Don’t get me wrong, I’m still enjoying Rift quite a bit with the instance group, but I still get that Space MMO itch that just doesn’t get scratched very well. Something about the long nights of winter (even here in Northern California) calls me back to space.

Eve Offline

Over the holidays, I resubbed my Eve accounts having been sucked in by the exploits of Wilhelm and Gaff.  The intent was to play it “casually” with an alt that I had rolled up for solo piracy.  Rolling an alt in Eve is a bit of a challenge since you can only have one character training skills at a time, so although I have two accounts, I would have to forego progress on one of the “main” characters on that account to learn skills on the alt.

Also, I didn’t want to screw up the standings of our regular high sec PvE corp, so I put the alt in a separate corp.  In a fit of foggy memory, I managed to resub the wrong account, so I ended up resubbing both of my accounts.

I knew my horizon for the game wouldn’t likely extend beyond a month or so, so there was really no point in going through the rigamarole to go join Gaff and Wilhelm in 0.0.  After reading about the logistics and timing challenges, not the least of which is time zone based, I decided that was probably a wise decision for me.

Of course, that left pretty much either “dueling” pvp, high sec social engineering piracy (e.g., can flipping) or attempts at low sec piracy.  I loath all dueling and as an explorer/industrialist at heart, I really couldn’t take to can flipping unless I was going to go heavy RP.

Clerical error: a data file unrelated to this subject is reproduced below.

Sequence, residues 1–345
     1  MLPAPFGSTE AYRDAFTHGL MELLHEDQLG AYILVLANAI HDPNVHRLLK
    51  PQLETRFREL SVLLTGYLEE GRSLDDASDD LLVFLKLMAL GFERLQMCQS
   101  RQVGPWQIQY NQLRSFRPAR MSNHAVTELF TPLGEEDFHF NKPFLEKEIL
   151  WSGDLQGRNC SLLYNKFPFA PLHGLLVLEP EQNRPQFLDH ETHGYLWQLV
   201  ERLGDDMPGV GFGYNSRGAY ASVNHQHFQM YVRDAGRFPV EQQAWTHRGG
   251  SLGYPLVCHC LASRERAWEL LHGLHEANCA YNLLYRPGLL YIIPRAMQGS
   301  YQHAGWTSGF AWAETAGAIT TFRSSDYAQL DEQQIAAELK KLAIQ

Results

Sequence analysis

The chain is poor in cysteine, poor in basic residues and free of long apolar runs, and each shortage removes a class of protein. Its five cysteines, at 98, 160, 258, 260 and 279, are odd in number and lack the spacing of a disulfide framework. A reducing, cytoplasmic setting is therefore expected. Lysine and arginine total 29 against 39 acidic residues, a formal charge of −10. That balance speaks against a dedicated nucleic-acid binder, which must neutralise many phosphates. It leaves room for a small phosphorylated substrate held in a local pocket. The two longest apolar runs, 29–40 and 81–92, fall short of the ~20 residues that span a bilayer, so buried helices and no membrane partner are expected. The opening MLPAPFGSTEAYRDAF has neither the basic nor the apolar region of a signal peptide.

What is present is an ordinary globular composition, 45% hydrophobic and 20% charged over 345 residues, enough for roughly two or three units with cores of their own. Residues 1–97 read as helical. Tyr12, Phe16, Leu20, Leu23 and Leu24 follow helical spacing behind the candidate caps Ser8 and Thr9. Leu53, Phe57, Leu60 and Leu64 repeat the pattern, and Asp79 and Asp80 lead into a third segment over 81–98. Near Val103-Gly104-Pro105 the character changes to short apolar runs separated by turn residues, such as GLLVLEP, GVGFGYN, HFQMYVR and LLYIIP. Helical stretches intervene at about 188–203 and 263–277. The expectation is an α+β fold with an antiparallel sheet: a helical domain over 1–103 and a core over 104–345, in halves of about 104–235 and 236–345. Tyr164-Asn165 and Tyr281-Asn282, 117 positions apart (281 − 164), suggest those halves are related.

So that’s left low sec piracy and/or ratting.  Diving into low sec, and learning the skills to survive there, has been pretty interesting.  One really never knows what could happen, so there is some excitement even when there are only a few people in a system.  You have to get used to looking over your shoulder quite a bit.

Of course, the hardest part of solo piracy is finding a mark.  Something that I’ve not been terribly good at, and given the challenges of low sec (i.e., the conventional wisdom that its “broken”) and the time required to do a good roam, I’m losing interest.

On the other hand, with my other account, I took the opportunity to check out Planetary Interaction which was introduced just as I was concluding my last visit to New Eden.  Its been reworked some, but I’ve been producing some goods off high sec worlds to get the hang of it.  So far, its a decent if minor source of passive income.  High sec worlds don’t have the density of rarer materials on them, so overall output is lower.